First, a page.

Gender bias in the Nigerian political system

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gGender biases are the unfair rights that exist between men and women, which can lead to unequal treatment. It is a widely known problem in human history and culture. Women have fewer opportunities for economic and political participation. They have less access to basic and higher education. They are given no attention. They are usually victims of patriarchal society or have successfully survived the discrimination imposed on them by culture and religion. In many cases, the participation of women in different leadership roles is either delayed or thwarted.

Women are also victims of discrimination in access to education. Although the world is making progress in achieving parity for girls in education, those in developing countries, like Nigeria, still have a high percentage of out-of-school or drop-outs compared to boys. This is even though parents struggling to pay their children’s school fees place a high priority on boys going to school over girls. This leaves many girls out of school.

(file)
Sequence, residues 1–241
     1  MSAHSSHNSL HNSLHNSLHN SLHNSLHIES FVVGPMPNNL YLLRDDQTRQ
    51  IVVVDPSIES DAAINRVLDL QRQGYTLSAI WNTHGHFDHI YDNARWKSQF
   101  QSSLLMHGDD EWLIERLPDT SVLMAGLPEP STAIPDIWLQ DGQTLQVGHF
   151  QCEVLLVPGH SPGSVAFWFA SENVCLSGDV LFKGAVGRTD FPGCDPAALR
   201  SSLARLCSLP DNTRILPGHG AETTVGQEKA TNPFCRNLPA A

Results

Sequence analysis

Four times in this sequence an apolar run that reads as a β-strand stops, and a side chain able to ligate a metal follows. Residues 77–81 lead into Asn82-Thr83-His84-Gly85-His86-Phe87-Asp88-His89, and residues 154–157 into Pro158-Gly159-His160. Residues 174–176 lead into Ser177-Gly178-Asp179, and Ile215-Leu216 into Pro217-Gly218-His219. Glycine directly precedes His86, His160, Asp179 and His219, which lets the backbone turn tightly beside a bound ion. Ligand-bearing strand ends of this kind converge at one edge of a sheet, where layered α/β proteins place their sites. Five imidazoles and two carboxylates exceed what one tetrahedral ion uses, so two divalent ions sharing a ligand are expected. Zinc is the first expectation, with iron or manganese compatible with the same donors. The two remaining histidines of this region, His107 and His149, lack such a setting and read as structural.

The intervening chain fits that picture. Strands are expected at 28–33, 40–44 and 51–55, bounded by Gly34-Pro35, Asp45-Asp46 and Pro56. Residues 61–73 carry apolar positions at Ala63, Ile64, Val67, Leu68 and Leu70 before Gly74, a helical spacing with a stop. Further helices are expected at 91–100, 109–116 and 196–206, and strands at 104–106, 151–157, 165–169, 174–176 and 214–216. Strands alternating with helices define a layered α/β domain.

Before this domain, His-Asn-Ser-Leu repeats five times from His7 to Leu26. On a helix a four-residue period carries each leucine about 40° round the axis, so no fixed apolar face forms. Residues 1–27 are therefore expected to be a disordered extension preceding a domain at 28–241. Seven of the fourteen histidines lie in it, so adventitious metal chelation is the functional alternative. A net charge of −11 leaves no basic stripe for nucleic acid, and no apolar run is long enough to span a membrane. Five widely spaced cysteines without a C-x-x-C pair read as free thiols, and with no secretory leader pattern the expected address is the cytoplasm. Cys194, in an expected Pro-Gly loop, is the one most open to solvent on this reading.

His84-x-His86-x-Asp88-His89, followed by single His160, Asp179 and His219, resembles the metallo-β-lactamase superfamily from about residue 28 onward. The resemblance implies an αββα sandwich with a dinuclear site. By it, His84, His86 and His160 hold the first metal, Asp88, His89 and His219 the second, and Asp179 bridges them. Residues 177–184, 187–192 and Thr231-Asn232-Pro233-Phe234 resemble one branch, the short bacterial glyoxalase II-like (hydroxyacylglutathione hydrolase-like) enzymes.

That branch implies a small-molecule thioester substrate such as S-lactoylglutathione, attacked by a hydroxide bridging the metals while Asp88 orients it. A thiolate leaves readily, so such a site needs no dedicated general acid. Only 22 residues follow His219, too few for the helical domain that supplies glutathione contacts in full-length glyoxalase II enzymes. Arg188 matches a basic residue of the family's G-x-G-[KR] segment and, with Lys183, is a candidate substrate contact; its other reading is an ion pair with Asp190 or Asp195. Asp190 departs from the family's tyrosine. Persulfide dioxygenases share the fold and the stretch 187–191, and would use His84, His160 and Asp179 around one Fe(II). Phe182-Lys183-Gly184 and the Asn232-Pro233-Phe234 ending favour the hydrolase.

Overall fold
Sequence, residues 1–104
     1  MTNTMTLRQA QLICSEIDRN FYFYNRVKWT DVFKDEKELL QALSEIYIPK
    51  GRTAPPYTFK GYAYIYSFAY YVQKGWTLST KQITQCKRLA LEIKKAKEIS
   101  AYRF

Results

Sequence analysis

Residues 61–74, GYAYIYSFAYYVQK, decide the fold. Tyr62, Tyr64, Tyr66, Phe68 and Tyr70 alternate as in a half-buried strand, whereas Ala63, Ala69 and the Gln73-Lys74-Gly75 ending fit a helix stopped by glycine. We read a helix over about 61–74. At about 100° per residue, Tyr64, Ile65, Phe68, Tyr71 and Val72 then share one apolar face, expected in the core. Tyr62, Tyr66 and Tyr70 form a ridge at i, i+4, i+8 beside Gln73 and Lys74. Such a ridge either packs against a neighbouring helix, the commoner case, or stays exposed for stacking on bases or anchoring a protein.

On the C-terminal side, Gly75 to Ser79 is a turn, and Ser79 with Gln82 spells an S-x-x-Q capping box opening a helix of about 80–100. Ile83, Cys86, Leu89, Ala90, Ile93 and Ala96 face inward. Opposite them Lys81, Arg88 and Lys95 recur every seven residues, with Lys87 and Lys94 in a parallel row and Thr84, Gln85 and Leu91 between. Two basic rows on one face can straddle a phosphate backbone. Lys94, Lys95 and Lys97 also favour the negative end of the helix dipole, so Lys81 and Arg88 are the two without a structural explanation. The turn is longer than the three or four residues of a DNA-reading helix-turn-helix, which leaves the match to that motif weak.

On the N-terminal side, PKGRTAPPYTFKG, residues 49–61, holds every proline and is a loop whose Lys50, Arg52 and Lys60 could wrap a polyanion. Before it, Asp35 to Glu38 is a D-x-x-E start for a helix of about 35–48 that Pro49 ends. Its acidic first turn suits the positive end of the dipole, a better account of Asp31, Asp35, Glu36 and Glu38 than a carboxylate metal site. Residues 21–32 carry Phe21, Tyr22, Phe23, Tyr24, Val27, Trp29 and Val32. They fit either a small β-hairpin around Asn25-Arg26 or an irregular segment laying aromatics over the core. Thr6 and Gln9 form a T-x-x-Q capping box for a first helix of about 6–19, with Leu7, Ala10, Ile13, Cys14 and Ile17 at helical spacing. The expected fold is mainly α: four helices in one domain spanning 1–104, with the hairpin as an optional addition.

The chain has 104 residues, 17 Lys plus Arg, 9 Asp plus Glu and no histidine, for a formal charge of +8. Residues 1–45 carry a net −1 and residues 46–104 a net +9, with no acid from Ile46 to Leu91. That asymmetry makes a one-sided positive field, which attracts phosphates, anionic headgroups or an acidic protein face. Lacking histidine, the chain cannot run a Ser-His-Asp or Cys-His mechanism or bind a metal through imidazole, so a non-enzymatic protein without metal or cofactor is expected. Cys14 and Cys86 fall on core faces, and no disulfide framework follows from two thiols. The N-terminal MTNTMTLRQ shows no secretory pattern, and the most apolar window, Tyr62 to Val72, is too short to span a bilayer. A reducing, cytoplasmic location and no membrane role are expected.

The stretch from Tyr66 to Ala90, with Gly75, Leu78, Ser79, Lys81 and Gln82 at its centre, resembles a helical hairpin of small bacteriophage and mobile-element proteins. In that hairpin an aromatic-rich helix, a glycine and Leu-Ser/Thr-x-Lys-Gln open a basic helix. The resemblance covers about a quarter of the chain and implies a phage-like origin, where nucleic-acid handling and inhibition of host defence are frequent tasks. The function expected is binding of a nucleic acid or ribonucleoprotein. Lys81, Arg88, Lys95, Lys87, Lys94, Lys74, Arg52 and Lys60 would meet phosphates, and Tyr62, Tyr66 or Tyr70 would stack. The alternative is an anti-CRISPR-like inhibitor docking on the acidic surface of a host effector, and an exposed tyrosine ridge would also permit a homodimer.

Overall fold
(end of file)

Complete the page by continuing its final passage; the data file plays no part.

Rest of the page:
Some of our beliefs, in culture and religion, especially in the North, contribute so much to the trend. Those involved here believe that women are incapable of governing or unfit for politics.

However, recently in Nigeria, many women hold political positions such as ministers, but none has yet held a presidential or governorship.

Thanks to women’s rights activists and activities today that raise awareness of women’s rights, thereby reducing the risk of discrimination against them.

I want to call for gender parity to create a successful and prosperous society. There should be equal rights for every person, regardless of gender, and people should be judged and hired on their merit, character or behavior.

Asma’u Husna Muhammad wrote from Abuja


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